Welcome to the June issue of Applied Radiation Oncology! With summer’s much anticipated return, June marks an apropos time to focus on skin cancer, which remains the most common cancer. We are pleased to provide treatment updates for very common and less common cutaneous malignancies.
Our first update is A review of the role of external-beam radiation therapy (EBRT) in nonmelanomatous skin cancer (NMSC), in which authors from the Cleveland Clinic discuss radiation therapy’s important role in both the definitive and postoperative management of NMSC, especially in patients with high-risk disease. This informative article, which offers SA-CME credit, reviews common indications, targeting and dosing, techniques, and outcomes.
In Mycosis fungoides involving head and neck mucosal sites: Review of the literature, clinicians from Henry Ford Hospital review all reported cases of this rare manifestation, along with two cases from their facility (59 total). By describing risks, disease patterns, and appropriate treatment options, this comprehensive and enlightening review, which also offers SA-CME credit, will aid in treatment decision-making and more accurately predicting outcomes in affected patients.
Complementing this review is the case report, Extensive cutaneous T-cell lymphoma and challenges with radiation treatment from authors at McMaster University in Ontario. The report presents a compelling summary of how volumetric modulated arc therapy’s novel rotational approach with photons can be used for treating extensive cutaneous disease involving uneven and curving surfaces to achieve local tumor control and provide excellent palliation with minimal dose to adjacent normal structures.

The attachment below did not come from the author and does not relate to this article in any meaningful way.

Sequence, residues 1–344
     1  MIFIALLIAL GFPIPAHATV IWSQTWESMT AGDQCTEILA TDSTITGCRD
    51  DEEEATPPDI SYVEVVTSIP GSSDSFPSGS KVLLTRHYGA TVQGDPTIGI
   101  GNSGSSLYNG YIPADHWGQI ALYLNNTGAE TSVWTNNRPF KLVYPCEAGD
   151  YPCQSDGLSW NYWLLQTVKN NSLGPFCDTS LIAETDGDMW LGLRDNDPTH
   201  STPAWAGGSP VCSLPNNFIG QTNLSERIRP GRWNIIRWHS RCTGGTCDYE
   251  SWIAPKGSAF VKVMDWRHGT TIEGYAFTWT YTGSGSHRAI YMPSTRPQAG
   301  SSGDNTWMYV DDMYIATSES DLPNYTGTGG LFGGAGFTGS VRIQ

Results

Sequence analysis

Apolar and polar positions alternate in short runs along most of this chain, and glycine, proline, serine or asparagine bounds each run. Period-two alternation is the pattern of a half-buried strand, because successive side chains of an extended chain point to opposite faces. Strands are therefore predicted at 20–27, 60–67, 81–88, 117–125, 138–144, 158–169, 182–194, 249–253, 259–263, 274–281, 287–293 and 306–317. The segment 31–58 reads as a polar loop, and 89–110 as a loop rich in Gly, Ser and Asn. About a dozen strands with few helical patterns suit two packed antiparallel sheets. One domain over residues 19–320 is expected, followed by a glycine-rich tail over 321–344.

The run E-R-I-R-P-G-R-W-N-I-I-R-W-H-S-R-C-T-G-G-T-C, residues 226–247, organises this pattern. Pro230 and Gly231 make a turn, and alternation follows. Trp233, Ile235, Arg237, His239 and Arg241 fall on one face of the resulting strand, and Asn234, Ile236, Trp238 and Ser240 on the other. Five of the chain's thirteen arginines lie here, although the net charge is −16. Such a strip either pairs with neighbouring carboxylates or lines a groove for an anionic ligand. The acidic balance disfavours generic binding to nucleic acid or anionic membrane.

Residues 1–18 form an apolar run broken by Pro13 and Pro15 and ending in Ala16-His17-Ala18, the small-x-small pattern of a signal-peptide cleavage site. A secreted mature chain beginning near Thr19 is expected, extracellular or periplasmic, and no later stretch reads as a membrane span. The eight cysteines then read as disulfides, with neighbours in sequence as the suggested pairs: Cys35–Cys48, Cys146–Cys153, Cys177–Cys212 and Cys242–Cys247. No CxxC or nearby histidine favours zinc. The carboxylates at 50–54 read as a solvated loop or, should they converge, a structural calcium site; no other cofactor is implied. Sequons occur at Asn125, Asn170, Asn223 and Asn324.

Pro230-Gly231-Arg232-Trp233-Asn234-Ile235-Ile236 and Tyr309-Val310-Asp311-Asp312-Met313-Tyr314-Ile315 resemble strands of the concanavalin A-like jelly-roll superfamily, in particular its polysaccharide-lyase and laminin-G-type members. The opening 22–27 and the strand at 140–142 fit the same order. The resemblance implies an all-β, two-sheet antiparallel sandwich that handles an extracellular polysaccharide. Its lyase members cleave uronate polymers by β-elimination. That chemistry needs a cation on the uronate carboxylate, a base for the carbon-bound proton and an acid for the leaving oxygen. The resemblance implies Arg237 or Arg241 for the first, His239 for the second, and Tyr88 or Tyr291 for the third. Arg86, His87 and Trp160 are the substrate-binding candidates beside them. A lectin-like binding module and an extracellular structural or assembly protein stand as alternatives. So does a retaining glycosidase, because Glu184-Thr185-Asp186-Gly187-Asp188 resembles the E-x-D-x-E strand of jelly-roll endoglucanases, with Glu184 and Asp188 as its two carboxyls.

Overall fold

A second case report is Horner’s Syndrome following salvage stereotactic ablative radiotherapy (SABR) for recurrent laryngeal carcinoma with prior radiation and laryngectomy from authors at the University of Pittsburgh. They report on the development of Horner’s syndrome after use of salvage SABR for a patient who had undergone prior radiation therapy, which emphasizes the importance of following patients who undergo salvage treatments.
We are also pleased to present the research paper, Is adjuvant radiotherapy an alternative to regional node dissection in select patients with lymph node-positive melanoma? According to the authors from University of Florida, Gainesville, the answer appears to be yes. Based on their limited but promising experience, adjuvant RT for subclinical regional disease in lymph node-positive melanoma may result in durable regional control without the potential added morbidity of a completion lymph node dissection (CLND). Additionally, the risk of complications is likely lower than after a CLND and postoperative RT.
Rounding out the skin cancer focus is the Technology Trends article, Electronic brachytherapy for skin cancer: Problems and progress, which recaps self-referral issues and related concerns, and reviews early data regarding positive outcomes for cosmesis, toxicity and short-term response.
We hope you enjoy our skin cancer focus, and wish you an enjoyable and memorable summer season!Back To Top
Suh J. Skin care and beyond: Radiation therapy’s role in skin cancer treatment. Appl Rad Oncol. 2017;6(2):4.
Dr. Suh is the Editor-in-Chief of Applied Radiation Oncology, and Professor and Chairman, Dept. Radiation Oncology at the Taussig Cancer Institute, Rose Ella Burkhardt Brain Tumor and Neuro-oncology Center, Cleveland Clinic, Cleveland, OH